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The use of language interpreters is one method for providing information to parents who are culturally and linguistically diverse (CLD) during meetings in schools. However, straight translation is often not enough. Diversity advisors are unique positions created to take on the role of becoming cultural brokers between the school and family as well as providing interpreting services. The purpose of this research was to explore the role of the diversity advisor within the context of an educational team that supports a student with a visual impairment who is also CLD. A focus group method was used to gather data from three groups on the learning team who had experience working with students with a visual impairment who are CLD: diversity advisors, classroom teachers and teachers of students with visual impairments (TVIs). Similar questions were asked of each group around perceptions of their role, interactions with other learning team members, and interactions with CLD families who have a child with a visual impairment. The transcribed data was analyzed using the thematic analysis approach to discover emerging themes, as well as areas for growth. Among the findings, common themes between the groups included a need for better role clarification, a desire for cultural understanding around visual impairment, continued communication and relationship building among team members, and the need to address concepts and terms that lose their original meaning when translated from one language to another. Potential solutions to improve interactions with other learning team members and professional development opportunities for diversity advisors in their work with families who are CLD with a child who has a visual impairment are discussed.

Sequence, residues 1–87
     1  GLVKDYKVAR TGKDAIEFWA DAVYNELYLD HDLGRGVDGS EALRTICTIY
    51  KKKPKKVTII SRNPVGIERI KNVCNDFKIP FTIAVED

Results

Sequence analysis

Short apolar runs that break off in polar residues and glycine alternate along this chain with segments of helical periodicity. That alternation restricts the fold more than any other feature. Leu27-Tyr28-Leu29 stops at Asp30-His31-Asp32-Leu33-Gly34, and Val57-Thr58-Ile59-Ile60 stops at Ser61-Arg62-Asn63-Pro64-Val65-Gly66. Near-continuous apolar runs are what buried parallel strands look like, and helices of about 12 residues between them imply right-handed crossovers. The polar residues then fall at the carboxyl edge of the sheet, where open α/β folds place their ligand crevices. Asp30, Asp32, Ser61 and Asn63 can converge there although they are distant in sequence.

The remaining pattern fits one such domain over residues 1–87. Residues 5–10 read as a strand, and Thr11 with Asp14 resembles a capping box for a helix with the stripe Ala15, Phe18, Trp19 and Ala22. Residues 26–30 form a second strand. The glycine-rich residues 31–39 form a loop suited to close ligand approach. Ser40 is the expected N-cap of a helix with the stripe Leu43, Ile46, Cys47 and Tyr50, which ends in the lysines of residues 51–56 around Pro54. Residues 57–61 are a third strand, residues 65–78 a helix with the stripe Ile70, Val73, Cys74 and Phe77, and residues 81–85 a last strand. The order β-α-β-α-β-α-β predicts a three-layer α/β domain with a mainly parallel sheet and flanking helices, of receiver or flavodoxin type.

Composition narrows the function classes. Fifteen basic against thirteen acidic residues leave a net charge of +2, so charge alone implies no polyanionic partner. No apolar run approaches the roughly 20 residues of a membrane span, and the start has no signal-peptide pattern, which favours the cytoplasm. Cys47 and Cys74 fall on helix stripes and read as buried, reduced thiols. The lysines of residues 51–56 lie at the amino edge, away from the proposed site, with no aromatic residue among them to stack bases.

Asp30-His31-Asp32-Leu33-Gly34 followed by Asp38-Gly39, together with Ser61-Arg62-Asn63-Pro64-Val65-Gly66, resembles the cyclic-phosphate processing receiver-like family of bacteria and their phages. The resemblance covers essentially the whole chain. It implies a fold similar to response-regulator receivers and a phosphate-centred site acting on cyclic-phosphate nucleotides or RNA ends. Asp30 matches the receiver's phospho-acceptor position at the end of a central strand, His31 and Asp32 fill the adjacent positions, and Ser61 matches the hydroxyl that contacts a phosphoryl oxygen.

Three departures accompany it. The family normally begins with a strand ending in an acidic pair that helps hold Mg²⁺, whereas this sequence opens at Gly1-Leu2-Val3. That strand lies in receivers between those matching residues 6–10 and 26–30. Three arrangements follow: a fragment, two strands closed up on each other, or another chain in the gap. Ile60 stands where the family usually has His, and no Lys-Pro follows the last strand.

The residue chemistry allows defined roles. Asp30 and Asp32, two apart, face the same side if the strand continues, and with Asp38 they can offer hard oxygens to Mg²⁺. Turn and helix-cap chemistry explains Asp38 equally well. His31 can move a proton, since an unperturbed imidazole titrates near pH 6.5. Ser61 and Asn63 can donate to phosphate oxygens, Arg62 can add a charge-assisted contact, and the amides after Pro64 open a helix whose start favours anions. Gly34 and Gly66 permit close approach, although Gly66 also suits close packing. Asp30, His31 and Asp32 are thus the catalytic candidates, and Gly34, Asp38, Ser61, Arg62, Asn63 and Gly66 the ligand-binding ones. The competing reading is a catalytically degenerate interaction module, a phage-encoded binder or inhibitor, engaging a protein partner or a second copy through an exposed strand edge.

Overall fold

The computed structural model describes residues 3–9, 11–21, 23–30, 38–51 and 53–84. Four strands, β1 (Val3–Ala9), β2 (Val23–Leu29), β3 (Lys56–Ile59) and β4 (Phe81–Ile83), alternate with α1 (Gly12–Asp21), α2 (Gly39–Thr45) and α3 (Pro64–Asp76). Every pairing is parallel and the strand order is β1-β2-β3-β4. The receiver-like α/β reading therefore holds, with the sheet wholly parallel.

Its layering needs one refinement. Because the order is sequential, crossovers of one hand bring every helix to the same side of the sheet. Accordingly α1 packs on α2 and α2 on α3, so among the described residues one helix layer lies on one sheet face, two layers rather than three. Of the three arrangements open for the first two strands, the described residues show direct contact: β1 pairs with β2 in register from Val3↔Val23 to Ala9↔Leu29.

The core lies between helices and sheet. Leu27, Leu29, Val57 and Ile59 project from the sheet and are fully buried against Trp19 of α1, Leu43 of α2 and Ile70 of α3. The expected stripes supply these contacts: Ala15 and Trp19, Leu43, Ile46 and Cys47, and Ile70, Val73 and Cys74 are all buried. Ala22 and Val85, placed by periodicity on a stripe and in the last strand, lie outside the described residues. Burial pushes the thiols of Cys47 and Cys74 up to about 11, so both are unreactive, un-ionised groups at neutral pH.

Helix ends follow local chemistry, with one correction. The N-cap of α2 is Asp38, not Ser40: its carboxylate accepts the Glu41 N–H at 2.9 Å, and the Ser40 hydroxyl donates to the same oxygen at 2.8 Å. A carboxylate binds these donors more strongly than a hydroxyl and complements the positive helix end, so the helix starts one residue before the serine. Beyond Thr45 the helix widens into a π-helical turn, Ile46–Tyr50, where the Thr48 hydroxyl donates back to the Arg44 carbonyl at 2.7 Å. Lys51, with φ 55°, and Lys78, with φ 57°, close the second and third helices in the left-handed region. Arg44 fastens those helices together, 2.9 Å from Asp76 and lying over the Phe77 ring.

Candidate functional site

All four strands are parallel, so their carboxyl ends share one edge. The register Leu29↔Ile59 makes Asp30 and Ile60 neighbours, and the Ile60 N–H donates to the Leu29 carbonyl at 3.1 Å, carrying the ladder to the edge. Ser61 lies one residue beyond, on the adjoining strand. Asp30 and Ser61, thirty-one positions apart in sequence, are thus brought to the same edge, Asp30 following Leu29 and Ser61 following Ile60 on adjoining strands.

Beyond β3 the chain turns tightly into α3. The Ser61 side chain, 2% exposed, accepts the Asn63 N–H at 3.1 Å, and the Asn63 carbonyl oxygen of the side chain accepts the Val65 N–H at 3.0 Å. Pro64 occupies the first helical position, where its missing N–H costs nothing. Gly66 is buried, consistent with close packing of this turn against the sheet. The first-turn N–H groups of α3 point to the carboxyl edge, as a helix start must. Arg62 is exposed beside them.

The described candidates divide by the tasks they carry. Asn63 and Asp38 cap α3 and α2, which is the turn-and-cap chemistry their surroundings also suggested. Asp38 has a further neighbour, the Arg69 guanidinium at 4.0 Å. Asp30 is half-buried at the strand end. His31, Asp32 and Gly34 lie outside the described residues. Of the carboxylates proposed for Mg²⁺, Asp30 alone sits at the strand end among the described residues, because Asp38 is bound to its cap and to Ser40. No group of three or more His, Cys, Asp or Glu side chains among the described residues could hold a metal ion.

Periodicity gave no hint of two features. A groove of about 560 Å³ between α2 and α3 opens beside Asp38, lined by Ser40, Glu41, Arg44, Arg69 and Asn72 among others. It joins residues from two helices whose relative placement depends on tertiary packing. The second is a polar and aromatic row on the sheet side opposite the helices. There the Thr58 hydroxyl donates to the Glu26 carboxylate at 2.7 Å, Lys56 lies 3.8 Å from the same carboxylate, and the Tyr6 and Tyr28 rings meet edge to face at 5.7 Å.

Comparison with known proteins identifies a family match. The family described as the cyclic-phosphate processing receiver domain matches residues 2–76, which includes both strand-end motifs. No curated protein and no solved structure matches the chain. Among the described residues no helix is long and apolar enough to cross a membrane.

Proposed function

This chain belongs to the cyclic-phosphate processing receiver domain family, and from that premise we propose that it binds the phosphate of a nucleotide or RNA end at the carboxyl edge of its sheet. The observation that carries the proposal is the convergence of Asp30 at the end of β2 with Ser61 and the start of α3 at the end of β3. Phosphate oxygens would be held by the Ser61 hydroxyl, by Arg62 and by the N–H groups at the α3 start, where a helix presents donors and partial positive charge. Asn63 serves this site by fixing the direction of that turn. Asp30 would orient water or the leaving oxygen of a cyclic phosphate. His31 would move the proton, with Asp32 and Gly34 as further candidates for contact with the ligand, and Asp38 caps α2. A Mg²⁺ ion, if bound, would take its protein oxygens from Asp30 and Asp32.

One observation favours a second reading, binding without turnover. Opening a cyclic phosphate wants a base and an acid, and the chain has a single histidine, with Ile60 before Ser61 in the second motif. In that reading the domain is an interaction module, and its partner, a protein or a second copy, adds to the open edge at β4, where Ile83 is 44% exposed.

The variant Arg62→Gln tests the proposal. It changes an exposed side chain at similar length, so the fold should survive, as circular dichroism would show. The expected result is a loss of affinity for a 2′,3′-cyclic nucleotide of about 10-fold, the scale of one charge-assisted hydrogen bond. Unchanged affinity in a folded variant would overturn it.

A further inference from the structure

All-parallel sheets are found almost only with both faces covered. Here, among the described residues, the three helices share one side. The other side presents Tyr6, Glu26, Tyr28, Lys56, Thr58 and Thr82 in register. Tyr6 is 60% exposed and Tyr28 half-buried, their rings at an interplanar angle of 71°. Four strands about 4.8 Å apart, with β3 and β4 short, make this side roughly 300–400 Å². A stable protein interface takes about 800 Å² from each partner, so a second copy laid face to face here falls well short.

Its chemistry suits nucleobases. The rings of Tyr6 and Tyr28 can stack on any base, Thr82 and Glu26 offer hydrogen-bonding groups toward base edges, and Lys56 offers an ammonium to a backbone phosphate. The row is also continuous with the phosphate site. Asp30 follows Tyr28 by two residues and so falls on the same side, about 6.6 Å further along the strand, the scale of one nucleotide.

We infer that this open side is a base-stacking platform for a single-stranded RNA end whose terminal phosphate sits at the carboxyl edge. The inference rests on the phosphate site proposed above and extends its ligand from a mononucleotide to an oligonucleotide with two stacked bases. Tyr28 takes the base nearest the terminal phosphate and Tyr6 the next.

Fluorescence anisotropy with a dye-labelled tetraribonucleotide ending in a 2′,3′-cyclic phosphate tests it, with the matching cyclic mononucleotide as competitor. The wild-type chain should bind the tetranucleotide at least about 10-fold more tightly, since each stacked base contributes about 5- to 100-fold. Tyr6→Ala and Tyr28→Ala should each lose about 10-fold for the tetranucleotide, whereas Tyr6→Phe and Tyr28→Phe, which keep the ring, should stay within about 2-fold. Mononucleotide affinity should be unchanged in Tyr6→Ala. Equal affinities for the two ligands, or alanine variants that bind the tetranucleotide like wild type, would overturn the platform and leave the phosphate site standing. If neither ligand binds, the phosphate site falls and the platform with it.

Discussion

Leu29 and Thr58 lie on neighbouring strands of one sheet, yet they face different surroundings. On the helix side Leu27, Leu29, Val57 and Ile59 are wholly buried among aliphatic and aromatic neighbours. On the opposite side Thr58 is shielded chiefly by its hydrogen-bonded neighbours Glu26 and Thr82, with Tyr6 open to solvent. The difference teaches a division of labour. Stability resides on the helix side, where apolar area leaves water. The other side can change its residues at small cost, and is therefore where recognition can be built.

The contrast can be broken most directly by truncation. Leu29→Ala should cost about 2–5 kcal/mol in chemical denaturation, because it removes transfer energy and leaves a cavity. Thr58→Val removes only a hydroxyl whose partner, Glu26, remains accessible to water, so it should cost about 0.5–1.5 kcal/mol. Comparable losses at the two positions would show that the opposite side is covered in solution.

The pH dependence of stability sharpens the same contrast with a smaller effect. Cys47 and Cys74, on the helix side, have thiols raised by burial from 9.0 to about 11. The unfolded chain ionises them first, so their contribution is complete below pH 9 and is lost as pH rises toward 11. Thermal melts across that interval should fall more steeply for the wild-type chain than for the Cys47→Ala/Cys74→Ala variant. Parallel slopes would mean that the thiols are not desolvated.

With the increasing use of technology by young children in home and school environments, it is crucial that children with visual impairments have equal access to new developments in technology and that teachers of students with visual impairments have the necessary tools and training to support their students. This research sought to develop a rating scale for use by teachers of students with visual impairments for use in rating iPad apps for children on criteria of accessibility and usability while using the VoiceOver screen reader included in iOS accessibility features. The researcher also sought to examine the current state of VoiceOver accessibility of mainstream iPad apps designed for children. Six teachers of students with visual impairments used the draft scale to rate apps on accessibility and usability criteria, and their ratings were compared with the experiences of four adult iPad users who used VoiceOver. The scale had higher reliability among teachers’ ratings for accessibility criteria than for usability criteria, but teachers and VoiceOver users agreed well about overall app accessibility. Accessibility issues encountered in apps are discussed as well as changes to consider in a revised app rating scale for teachers.